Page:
Henoch-Schonlein Purpura is an autoimmune, vasculitis which if left unmonitored can cause serious problems in your kidneys. There can be different signs of it, a rash appearance – mostly on the lower part of the body, swollen joints, sore stomach, vomiting, body pains, or blood in the urine and stool. Each person could get these at different times, only certain ones, or maybe only one of them. What causes Henoch-Schonlein Purpura ? It’s rare but in our case the immunizations he had, or medications, foods, insect bites, and there can be others. It’s one of those diseases that very little is known exactly what causes it. It is also more common in children than adults.
Being Diagnosed with Henoch-Schonlein Purpura
My son was diagnosed with Henoch-Schonlein Purpura, HSP for short, in February of this year. However, the whole situation started last November. I’m going to start off by saying this, since its a heated debate out there, this was caused by his immunizations in November. Yes, the immunizations have caused a huge health problem for my son. It’s been super stressful and frustrating, but would I have him do the immunization again? Yes, only because the consequences of the other diseases would be much worse than this one. The doctors I have dealt with have explained that it was linked to the immunizations he had. I have mentioned before that I’m not a medical professional and this is our own personal experience. I’m going to share what we have discovered about Henoch-Schonlein Purpura. If your child has any signs I mention please see a doctor.
Ben’s First Signs of HSP
He received his immunization shots in November, then the next day these spots appeared on his legs and feet. They looked like freckles all over his legs. I asked him if he was in pain or itchy and he said no. I told him to let me know if things get worse or if they start to bother him. The following day they were still there but he was still feeling normal. For the following days he had gone to his dads and he never mentioned them again. Ben is one to tell me if something isn’t right or feels wrong about his body. I’ve always made sure he feels comfortable coming to me if something is wrong. For the next week he was feeling normal and everything seemed to be okay.
The Realization That Something Isn’t Right
Unfortunately, 2 weeks later, things got really intense. Around midnight one, night he woke up vomiting all over his bed. I brought him to the bathroom and helped clean him up and to check things out. When he looked at me I noticed that all those “freckles” were all over his face. I was shocked to see him like that and immediately took him to the emergency room.
He had a high fever, spots all over his body (except stomach and middle back), vomiting lots, body aches especially in his legs and chest area, and was really weak. He had never been sick like that ever so it was really scary not knowing what was going on. The doctors in ER were great with him, they ran blood, urine tests, and X-rays to rule out mono, pneumonia, and some other diseases. They couldn’t find anything so at the time they figured it was a flu virus or gastritis. They pretty much diagnosed it as gastritis because sometimes spots/markings could appear from it. They also ruled out the spots being contagious. Over the next three days the spots started to leave his face but not his legs and feet. He started to feel better but the spots stil remained.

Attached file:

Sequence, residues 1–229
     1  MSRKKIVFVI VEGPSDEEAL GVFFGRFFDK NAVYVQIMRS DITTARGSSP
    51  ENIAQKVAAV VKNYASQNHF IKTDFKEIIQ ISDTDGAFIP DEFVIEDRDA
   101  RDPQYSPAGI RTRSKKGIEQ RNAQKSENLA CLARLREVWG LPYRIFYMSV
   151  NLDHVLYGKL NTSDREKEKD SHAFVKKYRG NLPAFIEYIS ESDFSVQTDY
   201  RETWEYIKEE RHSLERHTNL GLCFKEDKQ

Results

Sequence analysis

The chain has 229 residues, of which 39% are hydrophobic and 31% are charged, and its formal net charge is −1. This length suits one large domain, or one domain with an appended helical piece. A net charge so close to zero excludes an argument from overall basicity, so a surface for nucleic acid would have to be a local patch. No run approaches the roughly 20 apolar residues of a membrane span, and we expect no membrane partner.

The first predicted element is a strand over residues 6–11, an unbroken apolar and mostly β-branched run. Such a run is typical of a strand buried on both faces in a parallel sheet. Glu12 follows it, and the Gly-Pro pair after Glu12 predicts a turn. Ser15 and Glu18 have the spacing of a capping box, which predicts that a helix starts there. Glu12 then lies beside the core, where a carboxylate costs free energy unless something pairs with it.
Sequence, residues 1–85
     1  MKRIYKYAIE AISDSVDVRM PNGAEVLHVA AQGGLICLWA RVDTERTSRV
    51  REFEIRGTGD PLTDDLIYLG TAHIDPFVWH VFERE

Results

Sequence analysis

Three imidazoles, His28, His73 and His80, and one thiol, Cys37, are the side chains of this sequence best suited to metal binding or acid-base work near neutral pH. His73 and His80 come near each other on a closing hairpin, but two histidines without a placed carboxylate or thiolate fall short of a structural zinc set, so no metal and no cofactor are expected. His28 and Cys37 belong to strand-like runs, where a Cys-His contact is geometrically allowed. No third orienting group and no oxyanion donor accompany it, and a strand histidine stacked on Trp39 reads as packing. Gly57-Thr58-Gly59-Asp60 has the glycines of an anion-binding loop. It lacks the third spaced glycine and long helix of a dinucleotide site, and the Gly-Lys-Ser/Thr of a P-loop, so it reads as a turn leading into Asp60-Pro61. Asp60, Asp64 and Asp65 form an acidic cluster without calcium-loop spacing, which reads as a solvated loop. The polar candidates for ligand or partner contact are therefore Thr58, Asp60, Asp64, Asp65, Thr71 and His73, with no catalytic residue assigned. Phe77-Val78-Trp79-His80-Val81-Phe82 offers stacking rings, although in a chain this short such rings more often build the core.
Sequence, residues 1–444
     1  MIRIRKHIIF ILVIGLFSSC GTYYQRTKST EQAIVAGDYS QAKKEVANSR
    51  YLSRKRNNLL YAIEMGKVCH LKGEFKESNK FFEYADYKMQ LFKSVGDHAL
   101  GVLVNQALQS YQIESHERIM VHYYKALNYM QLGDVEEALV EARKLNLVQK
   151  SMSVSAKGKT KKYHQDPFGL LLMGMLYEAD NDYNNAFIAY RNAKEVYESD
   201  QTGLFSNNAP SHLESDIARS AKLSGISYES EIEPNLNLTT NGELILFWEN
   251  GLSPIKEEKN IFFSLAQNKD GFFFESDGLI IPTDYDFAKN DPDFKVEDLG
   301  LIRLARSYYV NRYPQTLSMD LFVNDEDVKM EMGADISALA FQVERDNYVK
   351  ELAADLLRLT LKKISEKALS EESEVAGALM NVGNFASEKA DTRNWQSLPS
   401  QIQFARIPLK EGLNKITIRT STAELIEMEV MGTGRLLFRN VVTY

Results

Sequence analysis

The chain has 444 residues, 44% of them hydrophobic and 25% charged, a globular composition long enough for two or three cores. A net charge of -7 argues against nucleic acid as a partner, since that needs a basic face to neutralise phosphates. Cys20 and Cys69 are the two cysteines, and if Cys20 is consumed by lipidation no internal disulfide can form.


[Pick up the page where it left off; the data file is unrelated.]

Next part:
Over The Following Month
On the third day I took him to another doctor to get a second opinion because l wanted to see if anyone could give me a more solid answer. The second doctor agreed with the first one that they spots are not contagious and that they will go away over time. Since he was feeling better he wasn’t concerned. Over the next month, the spots still remained. I took him to another doctor because the spots seemed to be changing to larger sizes and more of a red colour rather than a small freckle. No doctor could figure out what exactly the spots were. Over the next few months these spots would flare up really bad and he would get really sick. He had never been sick so many times. It was like every 3-4 days he would get sick again and again. No one else in the family go sick or got the spots. Still at this point we didn’t know it was Henoch-Schonlein Purpura.
Finally a Diagnosis
In February, a doctor said I think this is, Henoch-Schonlein Purpura, which literally meant nothing to Ben and I and just seemed like a confusing name. So we just use the abbreviation for it now, HSP. He immediately sent us to the hospital to see the paediatrician. The paediatrician ran a bunch of tests again and agreed with the doctor that had sent us there. He said one thing about HSP is you really have to monitor the kidneys because this can really affect them even if there is no physical sign like the spots.
Over the next months we had to monitor his health until we would see a rheumatologist paediatrician in Saskatoon. We saw the specialist in May and Ben’s physical feature of HSP have reduced over this time but still remained. Even though the marks on his legs have slowed down we still have to check his urine because it could still affect his kidneys. For the next year we have to test his urine every two weeks and every 6 months see the specialist because it could affect him internally for that long.